Living through a time of great social and/or political change can give one the opportunity to examine things generally left unexamined. Such can cause one, at least one given to introspection and reflection to perhaps an abnormal degree, the chance to see familiar things from a new angle, not previously considered.
I bring this up because of living through a time when a plant material substance that though previously legal in several jurisdictions has been against the law in many countries for a century is now in the process of becoming legal again, increasingly, in several jurisdictions. I refer of course to cannabis, or marijuana.
There are of course those who use marijuana for recreational purposes, and then there are those who claim to use it for medicinal purposes. No doubt, in jurisdictions where medical use is permitted but recreational is forbidden by law, the true number of those who use it for medical purposes is grossly inflated by large numbers of individuals who use it recreationally under the guise of medical use – e.g. witness the proliferation in Canada, since the new government announced its intent to legalize recreational use, of scores of ‘medical marijuana dispensaries’ that have popped up suddenly. Nevertheless, there are real medicinal uses of marijuana; e.g. it can awaken appetites / help keep food down in sick folk unable to otherwise eat; also, sedative properties. These uses were in fact known about back when marijuana was previously a legal, pharmaceutical product:
I got to thinking, why is it that we don’t often hear any more of people using alcohol for medicinal purposes? I mean, my maternal grandmother always used to have a nip of cherry brandy before bed ‘for medicinal purposes’, as she would say (and no doubt a little bit can help one sleep better), and many women of her generation would make the same excuse (the Queen Mother was known to vouch for the health benefits of her many gin and tonics). In I Timothy 5:23, Paul exhorts Timothy to partake of some wine and water to help his stomach and other ‘infirmities’. And roughly around the same era in which the medicinal properties of marijuana were first recognized in the West, so too were there various ports and wines for ‘invalids’, i.e. people stuck in bed with various ailments (who were apparently less valid than healthy, working folks):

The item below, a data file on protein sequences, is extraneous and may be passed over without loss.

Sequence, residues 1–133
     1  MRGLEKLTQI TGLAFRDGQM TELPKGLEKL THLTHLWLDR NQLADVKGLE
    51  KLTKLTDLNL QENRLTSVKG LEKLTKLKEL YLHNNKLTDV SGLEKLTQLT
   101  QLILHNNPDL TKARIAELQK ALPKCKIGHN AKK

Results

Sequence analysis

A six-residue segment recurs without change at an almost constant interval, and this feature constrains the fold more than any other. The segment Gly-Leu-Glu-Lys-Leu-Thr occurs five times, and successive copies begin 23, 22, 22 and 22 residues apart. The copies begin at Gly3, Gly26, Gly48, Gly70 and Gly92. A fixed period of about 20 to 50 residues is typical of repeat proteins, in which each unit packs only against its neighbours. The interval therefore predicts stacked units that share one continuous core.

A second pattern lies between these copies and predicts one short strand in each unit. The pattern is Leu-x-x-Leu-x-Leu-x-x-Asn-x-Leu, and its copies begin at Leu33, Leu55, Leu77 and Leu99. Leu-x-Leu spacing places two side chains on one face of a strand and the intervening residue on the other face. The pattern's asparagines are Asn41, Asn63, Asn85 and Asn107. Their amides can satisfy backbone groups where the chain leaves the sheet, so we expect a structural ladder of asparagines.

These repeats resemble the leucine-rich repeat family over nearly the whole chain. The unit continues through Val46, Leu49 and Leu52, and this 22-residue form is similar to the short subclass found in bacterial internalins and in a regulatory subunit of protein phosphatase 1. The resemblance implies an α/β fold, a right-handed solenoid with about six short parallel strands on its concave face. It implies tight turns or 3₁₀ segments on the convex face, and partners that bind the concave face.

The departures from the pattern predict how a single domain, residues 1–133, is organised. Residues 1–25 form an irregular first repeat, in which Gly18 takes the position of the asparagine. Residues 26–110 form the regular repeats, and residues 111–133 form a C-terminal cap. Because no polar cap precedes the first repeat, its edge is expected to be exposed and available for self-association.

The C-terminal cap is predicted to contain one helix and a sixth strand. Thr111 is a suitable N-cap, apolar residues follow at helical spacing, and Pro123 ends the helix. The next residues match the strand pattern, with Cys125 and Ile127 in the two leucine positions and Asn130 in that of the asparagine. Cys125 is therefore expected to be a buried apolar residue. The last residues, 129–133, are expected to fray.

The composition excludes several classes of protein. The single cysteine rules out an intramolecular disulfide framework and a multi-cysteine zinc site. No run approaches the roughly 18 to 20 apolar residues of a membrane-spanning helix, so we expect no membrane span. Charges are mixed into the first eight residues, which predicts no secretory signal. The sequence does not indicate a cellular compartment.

And anyone who is old enough to have heard stories from old-timers now deceased knows that in the early 20th century, liquor was administered to revive people who’d been rescued from exposure to the elements (though no longer recommended for hypothermia victims), plus it was used as an anesthetic in surgeries when real anaesthesia were unavailable.
So what happened? Why don’t doctors prescribe wine or beer or liquor to help remedy various ailments? It’s true that every now and then, a study is published which indicates some health benefits to moderate alcohol consumption, but you never hear of any doctor actually prescribing it, nor do we ever see people taking prescriptions to liquor stores. Is it because there are other, better ‘cures’ for various ailments? Or is it because of Big Pharma, pushing their pills instead? Is it because of a holdover cultural prejudice against alcohol, left over from the Prohibition era? Or is it just because we don’t have the concept of ‘invalids’ any more, therefore no market for fortified wines for people laid up in bed (hey, why not?)? Or is it just because insurance companies would laugh and/or balk at the idea of subsidizing medicinal booze? Why no more medicinal booze?